As seen in Figs. 8(b) and 8(c), when the misalignment variables increase gradually, the difficulty in misalignments computation is obviously increased too. The system can’t be well aligned by only one alignment action, and multiple iterative alignments are needed. In the alignment process, each alignment action is accompanied by the decrease of RMS wavefront error. In our simulations, we need two alignment actions in case 2, while three alignment actions are needed in case 3.

In the alignment simulations, it is also found that serious vignetting will be introduced when misalignment variables continue to increase (e.g. *ADE _{PM}* = 0.2°). Serious vignetting can change the shape of the pupil, which causes inaccurate Zernike coefficients or even the Zernike coefficients cannot be calculated by Code V. So the maximum values of misalignments allowed are limited by vignetting.

## 7. Conclusion

In this paper, a novel alignment model for TMA systems is established based on 5th order NAT. The analytical expressions for aberration field decenter vectors and boresight error of misaligned TMA telescopes are derived. Two alignment models based on 3rd and 5th order NAT are established successively. The alignment process is shown in Fig. (9) .

It is found that one wavefront measurement is required to fully characterize the coma aberration field and two for the astigmatism aberration field as 3rd order model is used; and four for the coma aberration field and six for the astigmatism aberration field as 5th order model is used respectively. We compare the performance of 3rd order model with the 5th order model in an alignment example. The results show that the average and the maximum RMS wavefront errors in the whole field of view of 0.3° × 0.15° are 0.063 λ and 0.068 λ respectively after the 4th alignment action with 3rd order model, and 0.011 λ and 0.025 λ (nominal values) respectively after the 3rd alignment action with 5th order model. All the residual angular misalignments after the 3rd alignment action with 5th order model are less than 0.0001°. Individual residual linear misalignments are larger than 0.1 mm, because there is cross-coupling among the alignment parameters in the multiple mirrors system. The computational accuracy of misalignments of 5th order model is of better quality than that of the 3rd order model. It is because the 5th order aberration can’t be ignored if we want to calculate misalignments accurately. For demonstration purposes Monte-Carlo alignment simulations are conducted. Simulation results show that the 5th order model still has good performance when the values of the misalignments are large (−1 mm ≤linear misalignment≤1 mm, −0.1°≤angular misalignment≤0.1°), and multiple iterative alignments are needed when the misalignment variables increase. In conclusion, not only can the NAT describe the aberration field characteristics of misaligned system, but also it can calculate misalignments quantitatively. The 5th order model can provide a reference basis for alignment of the TMA telescopes.

## 8. Appendix

## Acknowledgment

This work was supported by the National High Technology Research & Development Program of China (Grant NO.2011AA12A103).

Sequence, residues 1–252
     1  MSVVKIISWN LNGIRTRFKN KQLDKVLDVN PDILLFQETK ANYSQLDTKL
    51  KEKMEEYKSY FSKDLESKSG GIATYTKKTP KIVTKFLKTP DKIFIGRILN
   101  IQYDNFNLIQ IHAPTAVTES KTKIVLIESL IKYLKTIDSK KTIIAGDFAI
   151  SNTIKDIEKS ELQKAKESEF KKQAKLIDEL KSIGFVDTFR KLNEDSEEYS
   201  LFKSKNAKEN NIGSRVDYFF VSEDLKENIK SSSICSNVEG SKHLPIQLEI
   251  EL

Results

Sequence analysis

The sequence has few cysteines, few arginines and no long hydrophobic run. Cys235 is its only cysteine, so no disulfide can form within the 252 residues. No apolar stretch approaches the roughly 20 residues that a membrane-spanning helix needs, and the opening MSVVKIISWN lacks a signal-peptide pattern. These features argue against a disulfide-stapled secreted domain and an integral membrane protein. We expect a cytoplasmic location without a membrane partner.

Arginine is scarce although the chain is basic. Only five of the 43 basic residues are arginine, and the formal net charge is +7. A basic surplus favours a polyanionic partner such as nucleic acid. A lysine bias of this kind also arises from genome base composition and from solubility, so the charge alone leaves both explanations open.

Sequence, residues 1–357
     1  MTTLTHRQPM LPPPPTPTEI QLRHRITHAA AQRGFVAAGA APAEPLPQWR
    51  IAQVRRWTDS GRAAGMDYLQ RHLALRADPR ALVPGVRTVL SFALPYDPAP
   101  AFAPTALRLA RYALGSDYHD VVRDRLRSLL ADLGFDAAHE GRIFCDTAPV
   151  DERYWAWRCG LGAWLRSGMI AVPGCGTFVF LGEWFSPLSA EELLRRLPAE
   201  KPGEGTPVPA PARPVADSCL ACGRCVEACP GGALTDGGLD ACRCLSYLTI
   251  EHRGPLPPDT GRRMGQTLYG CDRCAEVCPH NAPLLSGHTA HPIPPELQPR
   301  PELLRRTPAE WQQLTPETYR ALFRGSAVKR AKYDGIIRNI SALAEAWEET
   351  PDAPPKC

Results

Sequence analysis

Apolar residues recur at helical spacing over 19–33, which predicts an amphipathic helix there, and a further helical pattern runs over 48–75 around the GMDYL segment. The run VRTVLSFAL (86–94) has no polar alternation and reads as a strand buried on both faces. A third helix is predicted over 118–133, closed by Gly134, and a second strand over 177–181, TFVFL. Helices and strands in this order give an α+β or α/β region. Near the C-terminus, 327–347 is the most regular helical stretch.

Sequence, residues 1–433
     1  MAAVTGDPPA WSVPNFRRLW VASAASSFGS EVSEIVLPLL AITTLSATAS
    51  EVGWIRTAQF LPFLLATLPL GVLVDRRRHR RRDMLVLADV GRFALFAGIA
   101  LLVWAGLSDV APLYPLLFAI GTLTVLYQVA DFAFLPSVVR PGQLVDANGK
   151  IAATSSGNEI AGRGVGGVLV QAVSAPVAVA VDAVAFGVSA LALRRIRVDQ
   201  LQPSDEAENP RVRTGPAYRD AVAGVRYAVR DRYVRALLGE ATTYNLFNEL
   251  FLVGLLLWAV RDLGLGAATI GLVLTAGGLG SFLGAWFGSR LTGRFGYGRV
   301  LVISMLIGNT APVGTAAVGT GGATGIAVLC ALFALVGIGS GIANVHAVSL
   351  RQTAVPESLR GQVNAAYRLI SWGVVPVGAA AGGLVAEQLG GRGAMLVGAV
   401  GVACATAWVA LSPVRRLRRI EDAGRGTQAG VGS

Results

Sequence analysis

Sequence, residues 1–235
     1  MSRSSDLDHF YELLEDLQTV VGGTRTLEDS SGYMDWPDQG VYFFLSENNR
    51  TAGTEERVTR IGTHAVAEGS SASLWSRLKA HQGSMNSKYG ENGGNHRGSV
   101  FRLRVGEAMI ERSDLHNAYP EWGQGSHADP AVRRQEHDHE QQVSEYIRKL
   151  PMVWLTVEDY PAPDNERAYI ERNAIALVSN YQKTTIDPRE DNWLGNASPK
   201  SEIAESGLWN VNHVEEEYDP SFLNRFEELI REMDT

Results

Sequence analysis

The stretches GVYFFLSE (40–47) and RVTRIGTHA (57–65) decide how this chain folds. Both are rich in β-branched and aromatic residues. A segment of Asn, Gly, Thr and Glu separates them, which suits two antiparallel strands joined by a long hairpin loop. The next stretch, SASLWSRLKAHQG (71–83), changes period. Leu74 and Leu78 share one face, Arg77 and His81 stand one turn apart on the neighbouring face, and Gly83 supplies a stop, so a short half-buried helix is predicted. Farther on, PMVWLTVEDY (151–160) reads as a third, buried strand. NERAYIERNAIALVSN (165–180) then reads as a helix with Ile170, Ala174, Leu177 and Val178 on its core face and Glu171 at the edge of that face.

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**7. **K. P. Thompson, T. Schmid, and J. P. Rolland, “The misalignment induced aberrations of TMA telescopes,” Opt. Express **16**(25), 20345–20353 (2008). [CrossRef] [PubMed]

**8. **K. P. Thompson, T. Schmid, and J. P. Rolland, “Alignment induced aberration fields of next generation telescopes,” Proc. SPIE **6834**, 68340B (2007). [CrossRef]

**9. **K. P. Thompson, K. Fuerschbach, T. Schmid, and J. P. Rolland, “Using nodal aberration theory to understand the aberrations of multiple unobscured three mirror anastigmatic (TMA) telescopes,” Proc. SPIE **7433**, 74330B (2009). [CrossRef]

**10. **The Fringe Zernike polynomial was developed by John Loomis at the University of Arizona, Optical Sciences Center in the 1970s, and is described on page C-8 of the CODE V® Version 10.4 Reference Manual (Synopsys, Inc.) (2012).

**11. **K. P. Thompson, T. Schmid, O. Cakmakci, and J. P. Rolland, “Real-ray-based method for locating individual surface aberration field centers in imaging optical systems without rotational symmetry,” J. Opt. Soc. Am. A **26**(6), 1503–1517 (2009). [CrossRef] [PubMed]

**12. **R. A. Buchroeder, “Tilted component optical systems,” Ph.D. dissertation (University of Arizona, 1976).

**13. **R. K. Tyson, “Conversion of Zernike aberration coefficients to Seidel and higher-order power-series aberration coefficients,” Opt. Lett. **7**(6), 262–264 (1982). [CrossRef] [PubMed]

**14. **K. Thompson, “Description of the third-order optical aberrations of near-circular pupil optical systems without symmetry,” J. Opt. Soc. Am. A **22**(7), 1389–1401 (2005). [CrossRef] [PubMed]

**15. **K. P. Thompson, “Multinodal fifth-order optical aberrations of optical systems without rotational symmetry: spherical aberration,” J. Opt. Soc. Am. A **26**(5), 1090–1100 (2009). [CrossRef] [PubMed]

**16. **K. P. Thompson, “Multinodal fifth-order optical aberrations of optical systems without rotational symmetry: the comatic aberrations,” J. Opt. Soc. Am. A **27**(6), 1490–1504 (2010). [CrossRef] [PubMed]

**17. **K. P. Thompson, “Multinodal fifth-order optical aberrations of optical systems without rotational symmetry: the astigmatic aberrations,” J. Opt. Soc. Am. A **28**(5), 821–836 (2011). [CrossRef] [PubMed]

**18. **J. Sasián, “Theory of sixth-order wave aberrations,” Appl. Opt. **49**(16), D69–D95 (2010). [CrossRef] [PubMed]